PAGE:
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How To Give Feedback Effectively To Develop People And Improve Performance 

Feedback is a specialized form of professional development, one with which many new managers and leaders struggle. Part of the reason for this is that feedback has been taught as either positive or negative, with the latter difficult to deliver.

To make the delivery of negative feedback easier, managers and leaders have for years been taught the “sandwich model,” in which negative feedback is sandwiched between so-called positive feedback statements.

This process really does not work. As soon as you give someone a piece of positive feedback, they wait for the “but…” to appear. Telling someone they have “done something well, but…” negates the positive impact of the opening words.

When giving feedback your intention should be to help someone build competency and/or confidence in their abilities by helping them determine how to change or improve performance. Basically, your intention when giving feedback should be to help someone learn and develop.

Hence, if your intention is to help someone improve, learn, or develop how could any feedback be perceived as negative? All leaders should dump the phrases “positive feedback” and “negative feedback” from their terminology. Instead, replace these with the phrases “reinforcing feedback” and “developmental feedback.” 

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Use reinforcing feedback when you want to reinforce performance or behavior that is producing desired results and outcomes. Your goal here is recognition of what a person is doing well in order to encourage and motivate them to continue doing so more frequently or in other relevant situations. This not only improves the likelihood of such performance or behavior being repeated, it also builds confidence in the person receiving such feedback.

Use developmental feedback when there is a need to provide corrective instructions or to help someone determine how to change or improve their performance. Again, it is given with the intention of helping that person learn and develop, as well as shaping desired behavior and increasing the likelihood that future performance will be improved.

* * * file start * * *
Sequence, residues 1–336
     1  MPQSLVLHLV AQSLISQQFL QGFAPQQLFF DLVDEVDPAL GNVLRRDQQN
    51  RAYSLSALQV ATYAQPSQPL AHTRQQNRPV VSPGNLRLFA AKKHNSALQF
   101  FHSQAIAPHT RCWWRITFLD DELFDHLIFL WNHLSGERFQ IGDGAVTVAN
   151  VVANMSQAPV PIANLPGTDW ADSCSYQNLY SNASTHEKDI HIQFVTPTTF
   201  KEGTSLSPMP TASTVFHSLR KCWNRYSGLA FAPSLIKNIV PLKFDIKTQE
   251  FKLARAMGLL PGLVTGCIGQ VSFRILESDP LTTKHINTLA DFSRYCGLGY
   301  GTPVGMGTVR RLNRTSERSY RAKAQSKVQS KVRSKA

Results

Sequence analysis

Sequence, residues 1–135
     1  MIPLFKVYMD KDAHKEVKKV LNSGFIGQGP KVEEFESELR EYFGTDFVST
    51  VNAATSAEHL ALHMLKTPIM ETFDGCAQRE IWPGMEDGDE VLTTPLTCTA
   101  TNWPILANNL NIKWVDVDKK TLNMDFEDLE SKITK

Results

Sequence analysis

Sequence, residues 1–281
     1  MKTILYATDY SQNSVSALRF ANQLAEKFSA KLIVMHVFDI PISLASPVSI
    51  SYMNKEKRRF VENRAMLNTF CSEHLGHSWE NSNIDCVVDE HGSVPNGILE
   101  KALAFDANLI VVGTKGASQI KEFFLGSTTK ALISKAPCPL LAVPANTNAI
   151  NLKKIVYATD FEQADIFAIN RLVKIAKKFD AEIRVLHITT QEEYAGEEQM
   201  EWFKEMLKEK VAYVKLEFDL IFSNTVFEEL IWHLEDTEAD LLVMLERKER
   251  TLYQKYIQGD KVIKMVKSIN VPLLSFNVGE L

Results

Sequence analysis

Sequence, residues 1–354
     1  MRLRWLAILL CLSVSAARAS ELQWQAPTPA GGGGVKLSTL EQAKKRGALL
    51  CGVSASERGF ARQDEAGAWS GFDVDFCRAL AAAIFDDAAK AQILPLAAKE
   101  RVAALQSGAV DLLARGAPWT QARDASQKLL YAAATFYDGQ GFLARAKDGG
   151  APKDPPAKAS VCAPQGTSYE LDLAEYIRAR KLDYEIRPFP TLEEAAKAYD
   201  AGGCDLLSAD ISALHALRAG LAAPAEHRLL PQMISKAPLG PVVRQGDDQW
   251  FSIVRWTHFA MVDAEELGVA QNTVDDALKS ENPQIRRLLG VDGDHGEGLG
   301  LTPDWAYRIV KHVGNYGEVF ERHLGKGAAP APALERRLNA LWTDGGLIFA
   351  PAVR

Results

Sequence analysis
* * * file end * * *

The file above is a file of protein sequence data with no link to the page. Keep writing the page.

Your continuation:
Providing feedback is also a factor in increasing employee engagement, but only if it is done in the proper way. A leader’s intention in giving feedback to a team member must always be for the purpose of helping the employee improve performance or behavior. Feedback should never be given when upset, angered, or disappointed with a direct report or colleague.

Additionally, the purpose of feedback should never be to belittle or disparage the employee, make them feel less-than-adequate, or with the intention of punishing the team member. And, of course, scolding an employee is neither a form of coaching nor proper engagement-inducing feedback.

This is not to say there is no place for corrective feedback in the workplace. Part of personal development means learning from mistakes and errors. If someone is doing something wrong, then corrective feedback is mandatory. But it will only be engagement-inducing and productive feedback if such corrective feedback is given with the intention of helping the other person improve performance or behavior. Thus, leaders need to offer feedback that helps and inspires team members to perform at higher, more productive levels, not cut them down to size through criticism, ridicule, or denigrating remarks.

All feedback should be delivered in an on-going, timely and non-judgmental manner. It also needs to be specific, descriptive, detailed, actionable, and future-focused. You are not looking for ownership of blame here or excuses. You are looking for ways to improve future performance or to correct unacceptable behavior going forward.

This article is excerpted from my book Great Leadership Words of Wisdom, which is available on Amazon in both paperback and Kindle formats and has over 1000 quotes on leadership from global business leaders, statesmen, athletes, coaches, sages, and philosophers.

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